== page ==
So now I had material to tweet. I used the official Pan Am Games hashtag (#panamgames) and added a Toronto hashtag (#toronto2015). I got more responses from the torch bearer than the mayor. Maybe me holding the torch made a difference. Interestingly, I got over 100 Twitter impressions within an hour. This number was more than the strategic tweeting I tried in my previous blog and at #ISTE2015. Hmmm…. a testimony to Toronto’s Pan Am Fever?
The next day Magneto called me up to say I need to do downtown Toronto. He hypothesized that someone in my PLN would have a Toronto connection. Furnished with my iPhone 5, we planned strategic landmarks in the downtown area to tweet. I was hopeful that we could spark more Twitter impressions than the Pan Am Torch bearer.
Our first stop was City Hall. Magneto seem to think that politicians generated Twitter interest. We took pictures of old city hall and contrasted that with the new city hall. It was encouraging to see some favorites and replies.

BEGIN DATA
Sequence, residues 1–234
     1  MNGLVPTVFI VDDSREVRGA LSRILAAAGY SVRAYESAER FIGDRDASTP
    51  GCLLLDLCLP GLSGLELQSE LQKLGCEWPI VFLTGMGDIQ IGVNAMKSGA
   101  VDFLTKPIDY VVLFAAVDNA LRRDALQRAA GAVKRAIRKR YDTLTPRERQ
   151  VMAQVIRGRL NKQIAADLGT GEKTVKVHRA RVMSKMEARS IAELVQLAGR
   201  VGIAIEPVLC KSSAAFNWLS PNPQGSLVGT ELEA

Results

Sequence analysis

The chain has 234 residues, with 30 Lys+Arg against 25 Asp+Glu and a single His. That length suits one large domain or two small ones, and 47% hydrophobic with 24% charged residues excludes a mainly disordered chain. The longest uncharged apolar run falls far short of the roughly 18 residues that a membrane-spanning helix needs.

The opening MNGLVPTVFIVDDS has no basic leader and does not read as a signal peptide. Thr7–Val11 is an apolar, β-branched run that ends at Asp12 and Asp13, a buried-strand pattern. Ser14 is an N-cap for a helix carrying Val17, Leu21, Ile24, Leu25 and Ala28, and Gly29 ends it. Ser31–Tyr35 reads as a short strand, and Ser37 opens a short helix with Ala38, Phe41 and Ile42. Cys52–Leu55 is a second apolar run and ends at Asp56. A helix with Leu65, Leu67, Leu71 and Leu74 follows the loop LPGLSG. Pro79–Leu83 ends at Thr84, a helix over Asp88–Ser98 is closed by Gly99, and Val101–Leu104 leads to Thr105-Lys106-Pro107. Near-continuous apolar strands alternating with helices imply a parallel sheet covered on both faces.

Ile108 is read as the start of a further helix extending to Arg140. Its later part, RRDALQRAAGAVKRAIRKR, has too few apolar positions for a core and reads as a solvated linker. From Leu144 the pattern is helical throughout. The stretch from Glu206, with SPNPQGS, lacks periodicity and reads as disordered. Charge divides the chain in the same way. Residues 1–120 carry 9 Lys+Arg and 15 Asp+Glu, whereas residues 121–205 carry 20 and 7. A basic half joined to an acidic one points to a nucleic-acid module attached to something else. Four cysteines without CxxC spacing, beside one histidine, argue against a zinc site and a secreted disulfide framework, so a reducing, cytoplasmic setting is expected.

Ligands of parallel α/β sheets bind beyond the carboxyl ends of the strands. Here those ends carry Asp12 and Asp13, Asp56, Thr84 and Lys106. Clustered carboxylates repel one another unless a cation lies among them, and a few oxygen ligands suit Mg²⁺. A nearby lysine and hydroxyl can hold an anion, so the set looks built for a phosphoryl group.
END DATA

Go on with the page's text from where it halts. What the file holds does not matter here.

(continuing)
Pan Am Games mania was obvious in the downtown area– especially at Nathan Phillips Square, where preparations were being made for the opening ceremony. I took a few snaps of Patchi–the official Pan Am mascot. Patchi’s tweet generated a lot of response. I even had CIBC, the Pan Am Games’ official sponsor favoriting this tweet.
About this point in time, we really started connecting with one of my PLN members, Christina Luce (@ChristinaMLuce). She encouraged and inspired us to continue with our Twitter journey. Magneto claimed that “no matter where they are in the world, a true Torontonian would always be homesick when they see pictures of Toronto”. True to his word, Christina was indeed from Toronto residing in the US. She became a virtual third member to our excursion.
We took pictures of downtown Toronto, back view of Eaton Centre, the Sick Kids Hospital from afar, Chinatown, the trendy Japanese area, Spadina House, Casa Loma, TTC subway station, and Kensington Market. We tried to tweet this out whenever we reached a free wifi spot. When we stopped for coffee at Tim Horton’s, we reminded@ChristinaMLuce our “Canadian heritage”.